A study illustrates how ammonia can be a sustainable solution for several different heating and cooling configurations.
Technology based on natural refrigerant ammonia (NH3) can provide efficient heating and cooling in various heat pump configurations, according to a paper presented by experts from the Oak Ridge National Laboratory at last month’s Gustav Lorentzen conference (held on 18-20 June in Valencia, Spain).
Estimations based on four representative applications show how HFC-free solutions lead to remarkable energy savings and how they are better suited to tackle global environmental challenges.
With CFCs and HCFCs being phased out due to their negative environmental impacts, and HFCs now also being phased down, the ultimate research goal is to find alternatives with zero (or extremely low) ODP and GWP for residential, industrial and commercial applications. Most chemical HFCs, in spite of their zero ODP, still present a high GWP (>140). Natural refrigerants, like ammonia (GWP = 0) and propane (GWP = 3), are therefore promising options as the refrigerants of the future.
The paper presented in Valencia assesses the energy efficiency performance of selected HFCs (R134a and R410A), ammonia and propane in four different heat pump systems. These range from a simple configuration made up of four major components to more sophisticated ones using flash tanks. For all systems, the evaporating (10°C) and condensing (40°C) temperature are fixed, to produce comparable results and allow for an efficient compression process.
In terms of COP, researchers found ammonia to have the highest efficiency in all the cases. The difference with R134a is particularly striking. The mass flow parameter underlines the qualities of ammonia too: this natural refrigerant requires the least mass flow rate among the selected refrigerants. Together with its optimal performance in terms of volumetric capacity, NH3-based systems are at the same time more efficient and more compact when compared to the HFCs under analysis.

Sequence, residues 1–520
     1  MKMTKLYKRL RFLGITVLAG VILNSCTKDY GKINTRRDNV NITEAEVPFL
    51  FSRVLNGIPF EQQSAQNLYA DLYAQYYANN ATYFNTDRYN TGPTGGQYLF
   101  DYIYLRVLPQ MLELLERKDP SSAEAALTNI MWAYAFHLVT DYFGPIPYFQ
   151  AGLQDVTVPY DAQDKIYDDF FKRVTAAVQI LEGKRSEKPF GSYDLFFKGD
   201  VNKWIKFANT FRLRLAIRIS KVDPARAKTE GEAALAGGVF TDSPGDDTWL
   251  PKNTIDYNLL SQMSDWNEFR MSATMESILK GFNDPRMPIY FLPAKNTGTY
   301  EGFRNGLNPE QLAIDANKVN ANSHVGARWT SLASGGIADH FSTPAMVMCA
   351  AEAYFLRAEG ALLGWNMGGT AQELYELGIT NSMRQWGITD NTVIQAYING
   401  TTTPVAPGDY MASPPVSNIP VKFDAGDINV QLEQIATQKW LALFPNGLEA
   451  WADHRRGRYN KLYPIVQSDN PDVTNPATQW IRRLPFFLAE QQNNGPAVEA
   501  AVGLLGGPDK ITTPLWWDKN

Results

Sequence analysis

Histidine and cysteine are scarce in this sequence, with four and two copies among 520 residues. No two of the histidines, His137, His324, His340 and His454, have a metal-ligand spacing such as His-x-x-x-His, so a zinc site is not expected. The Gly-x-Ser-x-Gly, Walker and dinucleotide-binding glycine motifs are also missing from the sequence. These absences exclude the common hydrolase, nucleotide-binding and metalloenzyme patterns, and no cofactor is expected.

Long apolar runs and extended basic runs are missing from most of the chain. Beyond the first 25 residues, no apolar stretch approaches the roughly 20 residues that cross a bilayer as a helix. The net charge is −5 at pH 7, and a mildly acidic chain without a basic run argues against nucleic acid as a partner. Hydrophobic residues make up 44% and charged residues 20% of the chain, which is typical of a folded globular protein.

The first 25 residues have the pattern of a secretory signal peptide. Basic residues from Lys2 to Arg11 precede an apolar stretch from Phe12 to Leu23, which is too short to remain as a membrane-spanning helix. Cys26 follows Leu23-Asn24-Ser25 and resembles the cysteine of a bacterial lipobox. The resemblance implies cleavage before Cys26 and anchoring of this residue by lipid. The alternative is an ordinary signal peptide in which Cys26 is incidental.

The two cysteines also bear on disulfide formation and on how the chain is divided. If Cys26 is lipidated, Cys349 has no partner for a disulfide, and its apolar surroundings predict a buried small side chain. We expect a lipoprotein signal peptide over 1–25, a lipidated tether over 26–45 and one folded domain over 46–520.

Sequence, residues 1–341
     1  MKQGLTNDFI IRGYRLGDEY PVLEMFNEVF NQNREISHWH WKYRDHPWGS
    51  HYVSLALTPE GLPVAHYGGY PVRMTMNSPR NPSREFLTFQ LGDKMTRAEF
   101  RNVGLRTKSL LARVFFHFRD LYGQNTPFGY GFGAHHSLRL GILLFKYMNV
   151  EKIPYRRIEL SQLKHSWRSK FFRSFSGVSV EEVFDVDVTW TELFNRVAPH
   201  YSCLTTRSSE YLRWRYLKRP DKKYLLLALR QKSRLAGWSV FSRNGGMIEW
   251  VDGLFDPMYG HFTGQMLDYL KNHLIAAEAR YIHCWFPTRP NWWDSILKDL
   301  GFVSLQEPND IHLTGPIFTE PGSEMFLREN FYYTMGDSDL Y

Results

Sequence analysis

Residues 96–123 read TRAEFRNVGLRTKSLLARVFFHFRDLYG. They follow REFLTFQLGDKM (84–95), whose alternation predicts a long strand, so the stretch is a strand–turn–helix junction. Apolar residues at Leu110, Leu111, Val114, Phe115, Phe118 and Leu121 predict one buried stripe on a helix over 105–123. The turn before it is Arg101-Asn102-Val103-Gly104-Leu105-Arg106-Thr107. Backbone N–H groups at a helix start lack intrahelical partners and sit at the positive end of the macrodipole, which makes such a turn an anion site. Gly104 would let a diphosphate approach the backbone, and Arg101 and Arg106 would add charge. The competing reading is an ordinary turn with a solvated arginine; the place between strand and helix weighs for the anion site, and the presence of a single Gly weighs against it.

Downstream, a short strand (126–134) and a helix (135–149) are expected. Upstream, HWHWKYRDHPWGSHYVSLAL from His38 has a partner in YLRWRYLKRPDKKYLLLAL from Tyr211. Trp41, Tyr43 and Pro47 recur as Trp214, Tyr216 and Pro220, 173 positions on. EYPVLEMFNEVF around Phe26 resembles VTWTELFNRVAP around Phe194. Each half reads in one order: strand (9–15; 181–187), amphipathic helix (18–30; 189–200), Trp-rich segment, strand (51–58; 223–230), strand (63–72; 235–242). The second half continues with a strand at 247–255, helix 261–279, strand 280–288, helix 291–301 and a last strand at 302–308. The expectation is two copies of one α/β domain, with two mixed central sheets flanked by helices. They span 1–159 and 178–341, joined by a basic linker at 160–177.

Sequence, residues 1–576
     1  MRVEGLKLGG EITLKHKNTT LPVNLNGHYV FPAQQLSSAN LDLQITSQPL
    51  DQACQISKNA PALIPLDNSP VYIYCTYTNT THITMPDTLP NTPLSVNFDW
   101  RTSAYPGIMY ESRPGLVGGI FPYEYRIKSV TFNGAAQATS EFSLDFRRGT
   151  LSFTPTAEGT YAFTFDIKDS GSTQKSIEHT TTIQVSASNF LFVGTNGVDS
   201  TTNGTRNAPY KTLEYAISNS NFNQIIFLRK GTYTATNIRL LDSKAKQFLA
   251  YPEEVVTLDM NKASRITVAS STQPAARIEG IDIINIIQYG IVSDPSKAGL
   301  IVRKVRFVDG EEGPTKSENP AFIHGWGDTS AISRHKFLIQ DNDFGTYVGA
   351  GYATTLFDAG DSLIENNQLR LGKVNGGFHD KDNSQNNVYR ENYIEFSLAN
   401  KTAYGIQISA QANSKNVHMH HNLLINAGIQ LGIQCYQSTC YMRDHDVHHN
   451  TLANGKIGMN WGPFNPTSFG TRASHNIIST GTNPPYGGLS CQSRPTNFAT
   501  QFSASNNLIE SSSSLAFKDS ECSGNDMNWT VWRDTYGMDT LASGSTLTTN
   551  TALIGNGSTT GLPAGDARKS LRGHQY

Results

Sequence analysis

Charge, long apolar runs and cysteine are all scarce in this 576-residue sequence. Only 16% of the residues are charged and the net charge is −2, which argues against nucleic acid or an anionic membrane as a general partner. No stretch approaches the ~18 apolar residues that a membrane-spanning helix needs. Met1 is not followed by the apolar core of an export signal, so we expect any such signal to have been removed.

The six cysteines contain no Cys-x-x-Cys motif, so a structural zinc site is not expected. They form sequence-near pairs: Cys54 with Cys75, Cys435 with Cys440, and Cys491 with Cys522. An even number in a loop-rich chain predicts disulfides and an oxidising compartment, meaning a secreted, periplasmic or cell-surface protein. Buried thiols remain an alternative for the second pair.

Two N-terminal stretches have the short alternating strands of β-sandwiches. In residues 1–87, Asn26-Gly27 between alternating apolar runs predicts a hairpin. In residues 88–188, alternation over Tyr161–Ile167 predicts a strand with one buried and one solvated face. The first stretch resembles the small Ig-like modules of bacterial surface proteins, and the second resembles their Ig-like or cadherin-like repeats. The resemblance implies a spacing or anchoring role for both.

The lab tests highlighted also the properties of propane. Despite its lower coefficient of performance compared to ammonia and R410, it may serve as a sustainable replacement for R134a. It also presents a lower mass flow rate than the two HFCs considered, implying that R290-based systems require less compressor power consumption and refrigerant charge.
The last parameter under analysis, irreversibility, also leads to interesting conclusions. Thanks to ammonia’s relatively smaller mass flow rate, NH3 has the smallest overall irreversibility. It means that when using HFCs in thermodynamic processes such as heating and cooling, it is significantly more difficult to restore the environment to its own initial conditions. This result is in line with the higher GWP of HFCs compared to natural refrigerants (R134a is efficient in only one of the four configurations, while R410A always has the highest irreversibility).
The study therefore demonstrates how natural refrigerants (ammonia in particular) can potentially replace HFCs in heat pump applications, given their satisfactory performance in terms of volumetric capacity, mass flow rate and irreversibility.
The paper was presented at the 13th IIR Gustav Lorentzen Conference on Natural Refrigerants by Kashif Nawaz, Moonis Ally Raza and Omar Abdelaziz (Oak Ridge National Laboratory, USA). The event took place on 18-20 June in Valencia and gathered more than 250 experts from all over the world.